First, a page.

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Stefan Stenudd 08-18-2010 12:02 PM

Nothing but Misogi?
 
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I keep on thinking about why I continue to do aikido. What's the point, why do I stay with it after all these years, although I usually get bored with just about anything in no time? Don't we all need a reason for whatever we do?

That might not be very Zen. The conscious mind and its intellectual needs should be brushed off, while the body engages in something that has a delicate value, easily compromised by scrutiny. As far as I understand Zen, the thing is to do it without purpose, without having a reason.

Fortunately, aikido is not Zen, at least not so that the Zen rules necessarily apply. So I let my mind wander, maybe not that much while I'm in the middle of keiko (I hope), but definitely the rest of the day. Sometimes also between techniques, I must admit.

A friend of mine said that aikido is healing, which I believe to have commented in another column. I like the idea. Well, I am delighted by it. So this is probably just another way of saying the same.

Ichimura Sensei, who was my teacher back in the 1970's, often said that aikido is misogi, purification. Other teachers have said the same. By practicing aikido we are cleansed from the inside out. If that's not self-healing, it must at least be the necessary preparation for it.

Any part of the aikido practice is giving, or extending. As tori we give uke the direction that presents the solution, for the benefit of both. As uke we give ourselves to tori, in order to make the exercise and its lesson possible. There's constant giving on the tatami, constant extension from deep inside. That purifies us, much like the physical efforts of training drain us of energy and make us relax more than we possibly could without the exhaustion.

Some aikido traditions touch on a misogi practice closer to Shinto, although I bet that very few of us belong to this belief system. For example, both torifune and furitama are often used in aikido warm-up. How much of the Shinto significance is included in those exercises, when done in an aikido dojo, I don't know. It's probably not important. The exercises remain in the aikido curriculum because they do some good.

The dojo is not a temple, and the teacher is not a priest. We don't need to relate to the whole traditional context, when using bits and pieces of Shinto or of other spiritual origin. And we don't have to regard misogi as a religious ritual. It is useful also on a much more profane level. The exercises, and even more so the attitude, refresh us profoundly.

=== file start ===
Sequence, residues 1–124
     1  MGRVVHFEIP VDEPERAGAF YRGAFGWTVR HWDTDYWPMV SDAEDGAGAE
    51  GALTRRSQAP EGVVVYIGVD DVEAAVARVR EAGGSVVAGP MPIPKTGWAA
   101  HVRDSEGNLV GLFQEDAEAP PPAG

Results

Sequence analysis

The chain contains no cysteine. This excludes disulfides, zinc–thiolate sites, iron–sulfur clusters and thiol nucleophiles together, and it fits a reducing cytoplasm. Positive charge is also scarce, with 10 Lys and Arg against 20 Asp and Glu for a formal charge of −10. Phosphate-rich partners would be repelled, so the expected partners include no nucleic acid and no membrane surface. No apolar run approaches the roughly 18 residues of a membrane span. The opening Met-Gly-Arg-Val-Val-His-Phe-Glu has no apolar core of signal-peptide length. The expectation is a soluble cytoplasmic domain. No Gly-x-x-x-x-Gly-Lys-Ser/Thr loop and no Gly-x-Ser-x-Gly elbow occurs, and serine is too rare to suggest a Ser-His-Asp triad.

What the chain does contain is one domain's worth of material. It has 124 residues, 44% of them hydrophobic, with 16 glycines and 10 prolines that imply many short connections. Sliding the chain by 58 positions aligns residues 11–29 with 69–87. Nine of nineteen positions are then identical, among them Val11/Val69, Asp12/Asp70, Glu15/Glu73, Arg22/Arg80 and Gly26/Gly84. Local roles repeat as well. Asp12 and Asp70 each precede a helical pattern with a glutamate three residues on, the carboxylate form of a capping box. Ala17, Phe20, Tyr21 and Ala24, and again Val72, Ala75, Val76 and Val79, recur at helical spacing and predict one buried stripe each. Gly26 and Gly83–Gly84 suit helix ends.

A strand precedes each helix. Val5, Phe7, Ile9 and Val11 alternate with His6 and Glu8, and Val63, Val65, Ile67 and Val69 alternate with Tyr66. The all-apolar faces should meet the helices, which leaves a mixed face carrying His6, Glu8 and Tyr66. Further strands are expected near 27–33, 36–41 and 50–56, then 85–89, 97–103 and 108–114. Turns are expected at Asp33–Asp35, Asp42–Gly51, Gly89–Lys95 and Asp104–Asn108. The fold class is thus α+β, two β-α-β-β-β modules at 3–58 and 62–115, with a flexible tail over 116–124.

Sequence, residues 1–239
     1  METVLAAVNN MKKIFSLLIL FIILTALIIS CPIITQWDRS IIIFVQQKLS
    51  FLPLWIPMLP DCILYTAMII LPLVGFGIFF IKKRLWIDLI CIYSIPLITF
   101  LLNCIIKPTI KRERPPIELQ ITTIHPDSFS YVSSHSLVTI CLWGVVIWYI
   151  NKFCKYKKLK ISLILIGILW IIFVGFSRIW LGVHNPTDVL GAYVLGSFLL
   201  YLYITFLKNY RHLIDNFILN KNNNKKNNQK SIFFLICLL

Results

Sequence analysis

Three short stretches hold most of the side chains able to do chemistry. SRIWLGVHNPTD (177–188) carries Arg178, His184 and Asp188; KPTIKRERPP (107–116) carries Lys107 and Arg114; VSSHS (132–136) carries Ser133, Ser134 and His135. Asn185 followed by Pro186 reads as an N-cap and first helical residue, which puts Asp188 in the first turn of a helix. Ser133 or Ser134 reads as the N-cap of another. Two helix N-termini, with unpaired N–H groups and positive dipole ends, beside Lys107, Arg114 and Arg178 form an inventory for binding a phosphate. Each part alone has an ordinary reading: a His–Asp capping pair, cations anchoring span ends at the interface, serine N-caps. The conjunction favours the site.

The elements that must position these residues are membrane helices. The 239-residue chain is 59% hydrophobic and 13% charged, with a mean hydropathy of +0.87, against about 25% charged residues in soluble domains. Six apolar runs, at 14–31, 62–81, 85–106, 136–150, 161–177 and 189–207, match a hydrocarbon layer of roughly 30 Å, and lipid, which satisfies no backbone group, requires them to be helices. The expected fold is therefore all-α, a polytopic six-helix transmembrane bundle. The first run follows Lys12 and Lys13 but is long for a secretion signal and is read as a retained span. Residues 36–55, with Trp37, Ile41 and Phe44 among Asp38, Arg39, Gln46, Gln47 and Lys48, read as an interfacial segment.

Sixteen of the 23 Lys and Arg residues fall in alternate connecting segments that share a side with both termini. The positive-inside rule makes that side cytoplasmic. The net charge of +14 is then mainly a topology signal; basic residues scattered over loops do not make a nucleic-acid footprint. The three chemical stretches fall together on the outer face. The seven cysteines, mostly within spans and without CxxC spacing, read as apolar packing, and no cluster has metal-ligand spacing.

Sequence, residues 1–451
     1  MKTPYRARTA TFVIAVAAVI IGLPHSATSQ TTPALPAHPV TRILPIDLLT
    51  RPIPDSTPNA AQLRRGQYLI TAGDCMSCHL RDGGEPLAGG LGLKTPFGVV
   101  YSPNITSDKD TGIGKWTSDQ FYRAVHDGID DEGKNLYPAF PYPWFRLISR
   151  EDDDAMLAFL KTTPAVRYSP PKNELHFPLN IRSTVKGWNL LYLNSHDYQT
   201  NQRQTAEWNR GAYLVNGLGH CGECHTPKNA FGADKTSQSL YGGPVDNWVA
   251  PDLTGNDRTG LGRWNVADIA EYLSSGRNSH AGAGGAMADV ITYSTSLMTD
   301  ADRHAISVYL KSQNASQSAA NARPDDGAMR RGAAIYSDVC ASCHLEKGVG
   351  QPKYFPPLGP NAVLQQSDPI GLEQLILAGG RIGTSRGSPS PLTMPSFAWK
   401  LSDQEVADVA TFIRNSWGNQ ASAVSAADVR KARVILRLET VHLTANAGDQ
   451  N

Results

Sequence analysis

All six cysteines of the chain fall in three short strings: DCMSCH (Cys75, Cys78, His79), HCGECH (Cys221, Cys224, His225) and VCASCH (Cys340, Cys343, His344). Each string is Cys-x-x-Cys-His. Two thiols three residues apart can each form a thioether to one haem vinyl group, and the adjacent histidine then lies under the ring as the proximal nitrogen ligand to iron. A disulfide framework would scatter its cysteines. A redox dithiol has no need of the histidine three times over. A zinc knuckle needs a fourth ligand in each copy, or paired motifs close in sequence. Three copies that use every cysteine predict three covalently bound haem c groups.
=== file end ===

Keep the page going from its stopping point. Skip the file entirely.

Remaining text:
The kanji for misogi is intriguingly complex, consisting of several parts that point to another meaning than mere calisthenics. There's the sign for showing something, and those of the hand, the sword, and for something big. The last three have their own combined kanji, which means a pledge or a vow. I guess that the word commitment is also relevant.

So, misogi is to show one's vow, one's commitment. For us, it's a commitment to aikido and its principles. That should indeed fill all our actions on the tatami. One is purified by showing and sticking to one's commitment.

It's certainly a wonderful feeling, but also a risky one, if not accompanied by questioning and reason. We need to inspect and revise our commitments, or we might become narrow-minded fanatics, resisting any progress and losing sensitivity, no matter how noble a cause we are committed to. In our purification, we don't want to throw out the baby with the bath water.

Is there a Japanese concept that would pair up well with misogi, adding the necessary hesitation and consideration? The question mark for the exclamation mark of misogi.

Stefan Stenudd
Stefan Stenudd is a 6 dan Aikikai aikido instructor, member of the International Aikido Federation Directing Committee, the Swedish Aikikai Grading Committee, and the Swedish Budo Federation Board. He has practiced aikido since 1972. Presently he teaches aikido and iaido at his dojo Enighet in Malmo, Sweden, and at seminars in Sweden and abroad. He is also an author, artist, and historian of ideas. He has published a number of books in Swedish and English, both fiction and non-fiction. Among the latter are books about aikido and aikibatto, also a guide to the lifeforce qi, and a Life Energy Encyclopedia. He has written a Swedish interpretation of the Chinese classic Tao Te Ching, and of the Japanese samurai classic Book of Five Rings. In the history of ideas he studies the thought patterns of creation myths, as well as Aristotle's Poetics. He has his own extensive aikido website: http://www.stenudd.com/aikido